On Friday 28 January a break-away group from Fridays for Future signed up to the Great Big Waterfront Clean-up (organised by Museum of Wellington and Sustainable Coastlines).
Inorganic rubbish that is not disposed of properly (into a rubbish bag that is taken to the dump) often ends up in our seas, rivers, streams etc, and then either inside bird/fish stomachs or around their necks.
Armed with garden gloves, plus-size rubbish sacks and specially made “Fridays for Future” flaglets, we followed the instruction to go forth and pick up litter.
Earlier groups of rubbish retrievers had already gone ahead and filled their sacks with the big stuff. We got the low-lying junk clinging to bushes and hiding under piles of leaves – bits of polystyrene, cigarette butts galore, bottle caps, chocolate bar wrappers, clingfilm, unidentified bits of hard plastic, and a cute anxiety ring (that I will take home to clean and wear). All that squatting was quite the inner-thigh workout!
In the meantime, our presence on the Parliament Lawn continued as usual…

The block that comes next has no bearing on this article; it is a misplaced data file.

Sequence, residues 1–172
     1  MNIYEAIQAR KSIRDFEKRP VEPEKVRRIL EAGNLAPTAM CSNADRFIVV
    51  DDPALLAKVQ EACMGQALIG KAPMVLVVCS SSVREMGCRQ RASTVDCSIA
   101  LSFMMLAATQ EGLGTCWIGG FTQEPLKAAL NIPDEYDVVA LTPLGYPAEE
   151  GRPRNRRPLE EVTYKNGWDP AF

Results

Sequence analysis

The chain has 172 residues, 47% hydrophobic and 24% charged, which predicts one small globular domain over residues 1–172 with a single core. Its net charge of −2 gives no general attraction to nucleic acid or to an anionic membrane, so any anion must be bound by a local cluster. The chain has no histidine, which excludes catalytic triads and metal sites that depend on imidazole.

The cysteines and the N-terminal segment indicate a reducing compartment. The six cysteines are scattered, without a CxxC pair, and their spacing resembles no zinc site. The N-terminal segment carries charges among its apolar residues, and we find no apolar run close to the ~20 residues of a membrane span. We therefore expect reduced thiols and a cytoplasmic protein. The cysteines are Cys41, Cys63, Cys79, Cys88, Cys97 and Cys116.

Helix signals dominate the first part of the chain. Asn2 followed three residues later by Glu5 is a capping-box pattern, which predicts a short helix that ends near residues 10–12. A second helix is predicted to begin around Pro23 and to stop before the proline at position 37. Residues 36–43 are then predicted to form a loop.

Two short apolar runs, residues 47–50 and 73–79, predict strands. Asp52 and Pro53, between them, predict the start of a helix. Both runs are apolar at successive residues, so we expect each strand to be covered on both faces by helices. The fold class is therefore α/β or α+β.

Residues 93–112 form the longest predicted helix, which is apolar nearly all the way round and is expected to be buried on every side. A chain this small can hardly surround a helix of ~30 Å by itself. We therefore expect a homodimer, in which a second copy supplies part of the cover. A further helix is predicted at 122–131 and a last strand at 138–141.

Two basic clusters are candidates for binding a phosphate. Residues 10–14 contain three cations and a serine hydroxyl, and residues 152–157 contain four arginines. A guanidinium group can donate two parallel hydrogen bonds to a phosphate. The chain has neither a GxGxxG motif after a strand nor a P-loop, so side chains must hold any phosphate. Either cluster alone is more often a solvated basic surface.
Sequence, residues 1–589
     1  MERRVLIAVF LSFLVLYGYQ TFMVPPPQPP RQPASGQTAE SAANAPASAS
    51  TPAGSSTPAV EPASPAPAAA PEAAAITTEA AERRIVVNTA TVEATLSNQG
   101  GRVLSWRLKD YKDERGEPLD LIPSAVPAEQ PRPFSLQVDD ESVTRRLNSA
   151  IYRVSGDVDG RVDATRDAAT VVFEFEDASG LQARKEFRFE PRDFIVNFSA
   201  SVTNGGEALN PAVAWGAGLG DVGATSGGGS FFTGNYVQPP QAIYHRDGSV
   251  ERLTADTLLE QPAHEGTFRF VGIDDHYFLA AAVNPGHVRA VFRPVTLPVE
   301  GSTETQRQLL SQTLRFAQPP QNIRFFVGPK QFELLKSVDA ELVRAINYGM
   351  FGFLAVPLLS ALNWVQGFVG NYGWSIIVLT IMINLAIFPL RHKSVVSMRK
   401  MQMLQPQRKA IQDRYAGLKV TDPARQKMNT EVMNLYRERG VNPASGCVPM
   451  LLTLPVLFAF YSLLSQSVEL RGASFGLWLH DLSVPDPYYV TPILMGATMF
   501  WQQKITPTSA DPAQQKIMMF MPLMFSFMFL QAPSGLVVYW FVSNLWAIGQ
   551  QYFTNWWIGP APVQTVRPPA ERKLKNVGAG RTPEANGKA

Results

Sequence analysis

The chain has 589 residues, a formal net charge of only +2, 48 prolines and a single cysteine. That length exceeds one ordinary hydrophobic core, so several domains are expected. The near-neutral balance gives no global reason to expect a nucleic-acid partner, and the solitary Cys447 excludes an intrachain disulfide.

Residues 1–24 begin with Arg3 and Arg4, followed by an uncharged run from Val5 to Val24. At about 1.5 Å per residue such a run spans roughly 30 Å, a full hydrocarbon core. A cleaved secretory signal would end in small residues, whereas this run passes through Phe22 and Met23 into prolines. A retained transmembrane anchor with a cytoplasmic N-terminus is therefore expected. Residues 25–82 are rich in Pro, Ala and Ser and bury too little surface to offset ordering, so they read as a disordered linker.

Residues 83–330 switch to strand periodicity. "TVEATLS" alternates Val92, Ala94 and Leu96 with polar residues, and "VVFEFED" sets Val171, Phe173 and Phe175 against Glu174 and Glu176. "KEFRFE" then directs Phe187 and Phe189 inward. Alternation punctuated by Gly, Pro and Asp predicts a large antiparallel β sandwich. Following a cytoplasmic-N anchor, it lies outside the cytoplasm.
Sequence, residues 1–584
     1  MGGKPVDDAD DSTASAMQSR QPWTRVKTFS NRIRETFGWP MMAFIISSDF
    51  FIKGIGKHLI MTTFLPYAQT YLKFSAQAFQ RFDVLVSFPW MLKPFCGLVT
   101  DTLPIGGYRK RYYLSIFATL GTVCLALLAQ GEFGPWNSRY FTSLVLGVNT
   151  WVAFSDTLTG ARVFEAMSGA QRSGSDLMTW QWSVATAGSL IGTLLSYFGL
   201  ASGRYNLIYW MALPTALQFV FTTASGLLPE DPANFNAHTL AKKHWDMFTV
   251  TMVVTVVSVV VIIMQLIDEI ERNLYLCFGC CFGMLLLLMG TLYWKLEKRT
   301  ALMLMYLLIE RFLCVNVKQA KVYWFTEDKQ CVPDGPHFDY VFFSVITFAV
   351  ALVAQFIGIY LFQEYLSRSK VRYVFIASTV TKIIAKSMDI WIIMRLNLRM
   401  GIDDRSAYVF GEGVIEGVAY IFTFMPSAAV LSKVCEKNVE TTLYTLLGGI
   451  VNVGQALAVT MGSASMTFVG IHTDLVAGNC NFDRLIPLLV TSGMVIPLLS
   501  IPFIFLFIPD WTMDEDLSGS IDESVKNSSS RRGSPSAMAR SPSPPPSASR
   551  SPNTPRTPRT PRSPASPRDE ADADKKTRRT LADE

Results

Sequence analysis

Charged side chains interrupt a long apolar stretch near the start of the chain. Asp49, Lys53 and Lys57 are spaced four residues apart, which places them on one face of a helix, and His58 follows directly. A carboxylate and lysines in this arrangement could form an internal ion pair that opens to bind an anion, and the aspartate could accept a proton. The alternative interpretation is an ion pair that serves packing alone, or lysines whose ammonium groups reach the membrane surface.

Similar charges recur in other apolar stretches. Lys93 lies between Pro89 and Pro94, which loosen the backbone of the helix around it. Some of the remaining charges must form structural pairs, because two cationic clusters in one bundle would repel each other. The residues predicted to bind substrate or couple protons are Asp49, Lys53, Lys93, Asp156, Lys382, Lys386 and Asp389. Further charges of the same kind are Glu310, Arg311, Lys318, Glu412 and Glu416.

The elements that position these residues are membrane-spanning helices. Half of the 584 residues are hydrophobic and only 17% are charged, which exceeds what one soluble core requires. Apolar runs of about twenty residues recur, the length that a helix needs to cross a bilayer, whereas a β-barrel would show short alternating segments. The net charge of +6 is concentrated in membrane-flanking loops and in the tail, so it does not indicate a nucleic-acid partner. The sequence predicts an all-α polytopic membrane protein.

I will leave you with a photo from the previous Friday, when an impressive family group visiting Wellington for the day joined us to show their support. It is always great to talk to – and pose with – anyone dropping by.
We will continue to protest at the Parliament Lawn over the holiday period, including Christmas Eve.
So if you are in Wellington at this time, come and spend an hour with us. Take a break from all the consumption to stand for something real.
We will bring some signs but you are welcome to bring your own (we love seeing climate protest art).
Every Friday at the Parliament Lawn, 12.30 – 1.30pm
Just a note about Friday 17 December – there’s an anti-vax protest expected on Thursday 16th. If they return to Parliament Lawn on the Friday and are still there when we FFF protesters arrive, we will set up further along the Lawn. So look out for our FFF flags!
I’ll leave you with a list of climate-related podcasts from the Fridays for Future Action Network, here. I’m especially looking forward to listening to Suzanne Simard talk about how trees communicate with other!